Monthly Archives: July 2010

Others want it too

So partridge pea sets out a buffet for a number of insects that it doesn’t need in order to attract some ants that it does need.    So how do these insects find the extrafloral nectaries?  I smelled a few … Continue reading

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Extrafloral what?

Extrafloral nectaries are places where  plants release nectar–a mixture of sugars, water, and often other substances. It is believed that they serve primarily to attract ants, and that the ants attack other insects which inhabit those plants.  This keeps the … Continue reading

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A cool drink of sugar water

Here is an American snout butterfly, Libytheana carinenta, drinking nectar from an extrafloral nectary on partridge pea, Cassia fasciculata.

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But they don’t all get eaten.

One would think that all snails would be in danger of being eaten if they venture on to the nest. Last April, after a strong rain there were at least three slugs like this one roaming about on the nest. … Continue reading

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More snails for dinner

This shell, likely a Vallonia species was on a stem of grass about an inch above the body of the mound. There seems to be some debris stuck to the top of the shell–presumably from the nest.  Why the ants … Continue reading

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Meal leftovers

The mounds of Formica exsectoides sometimes contain the remnants of meals.  Escargot is on the menu. To the right is Zonitoides arboreus, below and to the left is probably Gastrocopta contracta, which I removed from the mound and photographed in … Continue reading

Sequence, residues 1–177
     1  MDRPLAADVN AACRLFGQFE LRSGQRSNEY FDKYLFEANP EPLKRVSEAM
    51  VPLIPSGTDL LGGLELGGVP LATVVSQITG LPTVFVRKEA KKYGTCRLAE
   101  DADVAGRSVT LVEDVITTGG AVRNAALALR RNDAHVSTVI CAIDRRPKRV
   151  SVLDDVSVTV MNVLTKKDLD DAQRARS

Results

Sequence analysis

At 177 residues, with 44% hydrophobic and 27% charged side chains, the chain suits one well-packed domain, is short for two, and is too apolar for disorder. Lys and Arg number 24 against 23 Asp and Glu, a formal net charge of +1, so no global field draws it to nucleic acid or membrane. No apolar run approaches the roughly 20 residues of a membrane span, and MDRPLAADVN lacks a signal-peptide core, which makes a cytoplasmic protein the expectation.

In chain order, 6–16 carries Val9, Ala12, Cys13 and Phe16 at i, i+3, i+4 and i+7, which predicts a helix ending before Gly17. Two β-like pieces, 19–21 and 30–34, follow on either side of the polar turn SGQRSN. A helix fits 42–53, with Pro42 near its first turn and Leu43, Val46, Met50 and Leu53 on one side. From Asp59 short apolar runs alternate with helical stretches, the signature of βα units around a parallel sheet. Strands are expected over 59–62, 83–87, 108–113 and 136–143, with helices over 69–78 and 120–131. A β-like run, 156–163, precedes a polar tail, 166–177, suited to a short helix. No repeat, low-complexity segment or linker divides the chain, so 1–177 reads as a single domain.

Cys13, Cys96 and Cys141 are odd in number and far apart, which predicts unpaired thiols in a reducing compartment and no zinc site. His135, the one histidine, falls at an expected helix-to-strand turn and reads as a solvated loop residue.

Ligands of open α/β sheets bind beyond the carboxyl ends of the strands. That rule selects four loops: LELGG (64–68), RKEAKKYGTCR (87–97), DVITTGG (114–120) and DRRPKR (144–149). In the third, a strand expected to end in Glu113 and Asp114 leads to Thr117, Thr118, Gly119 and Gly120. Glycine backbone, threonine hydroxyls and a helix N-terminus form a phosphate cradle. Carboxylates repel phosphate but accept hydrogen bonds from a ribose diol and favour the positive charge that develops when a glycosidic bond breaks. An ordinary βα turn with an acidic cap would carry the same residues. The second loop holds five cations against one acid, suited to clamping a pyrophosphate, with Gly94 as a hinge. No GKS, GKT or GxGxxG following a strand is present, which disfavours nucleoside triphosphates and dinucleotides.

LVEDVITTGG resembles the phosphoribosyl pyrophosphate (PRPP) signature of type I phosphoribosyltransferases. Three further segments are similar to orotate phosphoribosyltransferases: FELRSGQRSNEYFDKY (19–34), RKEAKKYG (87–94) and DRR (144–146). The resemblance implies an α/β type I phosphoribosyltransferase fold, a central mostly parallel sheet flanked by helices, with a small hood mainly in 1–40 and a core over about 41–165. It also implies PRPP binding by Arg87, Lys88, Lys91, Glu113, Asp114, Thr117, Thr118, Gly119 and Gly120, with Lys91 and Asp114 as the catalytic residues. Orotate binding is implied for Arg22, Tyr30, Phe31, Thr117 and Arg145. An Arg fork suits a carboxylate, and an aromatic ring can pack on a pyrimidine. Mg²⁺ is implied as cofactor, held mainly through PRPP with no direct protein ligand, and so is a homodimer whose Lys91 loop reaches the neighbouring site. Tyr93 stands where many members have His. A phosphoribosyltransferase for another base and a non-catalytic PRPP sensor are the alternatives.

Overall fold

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More Allgeheny Ants

I haven’t posted for several days because I have been on a vacation away from electronic stuff (for the most part). There is some information available about the Allgeheny mound building ant.  It is thought that the mounds are a … Continue reading

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More on the Allegheny Mound Ant

The mound is made up of clumps of dirt and pieces of plants.  Occasionally the ants will move stuff around. The entrances to the nest change over time.   The most permanent entrances seem to be on the sides of the … Continue reading

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Default Americans

I am an American by default.  I was born in the United States of America and therefore I am a citizen.  Because I am an American I enjoy a number of freedoms that people in the rest of the world … Continue reading

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An unfortunate ant

Of course, the Allegheny mound building ant is Formica exsectoides, which was the subject of my first post.  I ran across two individuals on a walnut tree which had been killed in an unusual way.  The thorax had been completely … Continue reading

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